After starting the pump with a low speed reduction ratio as described above, the frequency of stroke reversal is gradually decreased by gradually increasing the speed reduction between motor 86 and shaft 82. The volumetric input of power fluid from the pump 44 is maintained constant. A decrease in the frequency of stroke reversal causes the length of the engine piston strokes to be increased until the stroke of the light piston is terminating at each of its ends with the end portions 24 of its shafts 16 in the dash-pots 26 at the ends of the pump cylinders 20. On the other hand, only one of the end portions 24 of the piston rods 16 attached to the heavy engine piston will enter one of the dash-pots 26 unless the frequency or stroke reversal is decreased excessively. In the'latter event, all of the dash-pots 26 may be entered by the respective piston rod end portions 24a result which is undesirable in practically every instance, since power is wasted in driving the light piston rods 16 forceably against the bottoms of the dash-pots 26, or at least very deeply into the dash-pots.

With the stroke reversal frequency established so that each engine piston is traveling its optimum stroke length in accordance with both its and the other pistons indi= vidual ability to travel, and not as limited by the length of its engine cylinder, the dash-pots will function to control the movement of the engine pistons so that the ends 24 of the piston rods 16 will not bang against the ends of the pump cylinders 29, and so that the movement of one engine piston will be decelerated slowly enough at stroke reversal to allow the other engine piston to accelerate a corresponding amount. Having, in the manner described, established the speed reduction ratio between motor 86 and shaft 82 which gives optimum stroking action by the engine pistons 10 and 11 for a given volumetric input of the pump 44, the speed of the motor 86 may be increased or decreased to provide a larger or smaller volumetric input of power fluid from pump 44. This intentional variation in volume of power fluid pumped through conduit 48 from the pump 44 will be I reflected in a proportionate increase or decrease in the total amount of pumped fluid which is pumped by the pump pistons 22 so that the capacity of the rodless multiplex pump of the invention may be easily increased or decreased. Moreover, at all capacities of the pump, the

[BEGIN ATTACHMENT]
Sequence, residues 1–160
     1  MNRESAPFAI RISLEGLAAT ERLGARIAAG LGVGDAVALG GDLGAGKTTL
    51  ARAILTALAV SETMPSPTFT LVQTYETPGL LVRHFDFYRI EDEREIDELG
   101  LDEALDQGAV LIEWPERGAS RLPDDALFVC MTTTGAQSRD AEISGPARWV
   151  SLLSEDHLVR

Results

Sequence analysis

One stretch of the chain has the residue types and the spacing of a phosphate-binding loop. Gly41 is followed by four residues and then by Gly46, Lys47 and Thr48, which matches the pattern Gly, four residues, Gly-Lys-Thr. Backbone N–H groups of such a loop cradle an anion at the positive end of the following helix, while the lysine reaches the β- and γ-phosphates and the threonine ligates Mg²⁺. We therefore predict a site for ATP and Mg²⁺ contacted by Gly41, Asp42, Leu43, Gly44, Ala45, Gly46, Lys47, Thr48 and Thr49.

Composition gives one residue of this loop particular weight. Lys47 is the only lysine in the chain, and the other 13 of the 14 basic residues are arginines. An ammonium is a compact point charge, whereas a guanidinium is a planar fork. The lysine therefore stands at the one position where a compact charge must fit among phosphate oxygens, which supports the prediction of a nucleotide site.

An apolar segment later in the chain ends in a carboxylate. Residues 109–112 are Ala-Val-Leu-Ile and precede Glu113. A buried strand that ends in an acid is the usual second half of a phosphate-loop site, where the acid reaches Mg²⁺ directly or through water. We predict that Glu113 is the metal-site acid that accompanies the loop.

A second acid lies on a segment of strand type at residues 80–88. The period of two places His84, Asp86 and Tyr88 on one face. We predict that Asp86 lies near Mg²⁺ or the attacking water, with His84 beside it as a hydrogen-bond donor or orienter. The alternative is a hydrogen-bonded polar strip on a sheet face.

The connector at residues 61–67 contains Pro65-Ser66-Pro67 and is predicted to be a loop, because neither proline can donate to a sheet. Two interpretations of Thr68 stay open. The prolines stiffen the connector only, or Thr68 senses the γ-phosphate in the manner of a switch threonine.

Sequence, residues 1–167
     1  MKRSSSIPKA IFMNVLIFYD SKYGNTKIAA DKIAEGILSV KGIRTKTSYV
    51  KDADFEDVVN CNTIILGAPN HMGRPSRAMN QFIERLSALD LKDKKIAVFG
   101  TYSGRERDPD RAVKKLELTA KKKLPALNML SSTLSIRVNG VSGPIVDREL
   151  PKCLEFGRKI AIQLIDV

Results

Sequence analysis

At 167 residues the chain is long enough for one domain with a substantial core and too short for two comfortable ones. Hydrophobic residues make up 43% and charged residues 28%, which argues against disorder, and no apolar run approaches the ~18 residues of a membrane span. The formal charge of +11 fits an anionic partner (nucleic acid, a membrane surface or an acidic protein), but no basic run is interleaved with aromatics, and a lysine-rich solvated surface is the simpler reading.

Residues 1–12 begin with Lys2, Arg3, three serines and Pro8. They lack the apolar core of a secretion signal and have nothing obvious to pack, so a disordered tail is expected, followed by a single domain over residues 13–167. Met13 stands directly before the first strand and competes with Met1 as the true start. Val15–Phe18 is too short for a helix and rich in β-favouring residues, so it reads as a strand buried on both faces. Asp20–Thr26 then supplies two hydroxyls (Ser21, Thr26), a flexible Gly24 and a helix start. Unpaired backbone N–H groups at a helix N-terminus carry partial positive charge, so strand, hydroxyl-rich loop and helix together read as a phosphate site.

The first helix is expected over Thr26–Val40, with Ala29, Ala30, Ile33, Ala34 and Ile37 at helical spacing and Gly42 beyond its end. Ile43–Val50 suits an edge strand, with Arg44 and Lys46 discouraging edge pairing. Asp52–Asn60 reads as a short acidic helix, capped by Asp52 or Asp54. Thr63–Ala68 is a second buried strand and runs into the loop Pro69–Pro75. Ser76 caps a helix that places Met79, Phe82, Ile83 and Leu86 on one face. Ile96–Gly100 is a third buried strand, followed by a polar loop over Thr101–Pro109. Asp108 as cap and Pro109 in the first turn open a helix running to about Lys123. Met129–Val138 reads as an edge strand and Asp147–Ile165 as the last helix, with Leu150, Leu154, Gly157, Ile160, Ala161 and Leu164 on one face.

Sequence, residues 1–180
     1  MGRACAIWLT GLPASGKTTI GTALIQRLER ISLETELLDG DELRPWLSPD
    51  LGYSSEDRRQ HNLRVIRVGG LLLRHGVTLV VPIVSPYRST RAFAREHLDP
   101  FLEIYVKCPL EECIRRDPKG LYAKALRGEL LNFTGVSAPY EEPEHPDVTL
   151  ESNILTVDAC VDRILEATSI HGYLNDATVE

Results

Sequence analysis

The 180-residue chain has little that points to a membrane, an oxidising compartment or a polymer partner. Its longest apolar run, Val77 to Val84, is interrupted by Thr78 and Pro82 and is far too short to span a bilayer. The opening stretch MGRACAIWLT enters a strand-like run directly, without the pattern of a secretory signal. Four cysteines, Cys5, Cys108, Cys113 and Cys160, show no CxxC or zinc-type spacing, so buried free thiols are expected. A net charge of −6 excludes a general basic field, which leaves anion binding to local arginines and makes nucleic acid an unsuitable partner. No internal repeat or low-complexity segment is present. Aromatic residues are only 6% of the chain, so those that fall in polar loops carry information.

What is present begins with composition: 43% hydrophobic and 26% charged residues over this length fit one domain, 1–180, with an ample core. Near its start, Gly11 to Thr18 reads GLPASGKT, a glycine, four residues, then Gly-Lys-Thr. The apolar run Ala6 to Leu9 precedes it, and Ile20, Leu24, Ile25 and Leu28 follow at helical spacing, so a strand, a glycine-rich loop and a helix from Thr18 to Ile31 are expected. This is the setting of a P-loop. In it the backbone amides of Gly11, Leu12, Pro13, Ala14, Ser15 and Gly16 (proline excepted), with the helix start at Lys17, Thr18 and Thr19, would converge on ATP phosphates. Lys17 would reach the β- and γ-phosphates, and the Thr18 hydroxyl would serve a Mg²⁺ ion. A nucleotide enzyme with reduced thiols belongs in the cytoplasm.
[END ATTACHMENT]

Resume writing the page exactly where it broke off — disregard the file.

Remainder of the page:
orifice, is, as a practical matter, free of fluctuations in 10 volume and pressure. In other words, a nonpulsating discharge is achieved. 1

In situations where the pressure demand upon the booster pump will vary between a known maximum and minimum, the pilot valve cadence or period of throw may. be set to give an engine piston stroke which will answer an average pressure demand between such maximum and minimum values. That is, less energy will be wasted in dash-pot entry than is Wasted when the pressure demand falls off to allow longer strokes, and more energy is wasted in dash-pot entry than is wasted when the pressure demand builds up to cause shorter stroking. In this way, a modest margin of safety in the extent of engine piston travel is established at an average pressure demand so that the booster pump can tolerate the slight over-travel of the pistons which will be produced by a low pressure surge in output demand.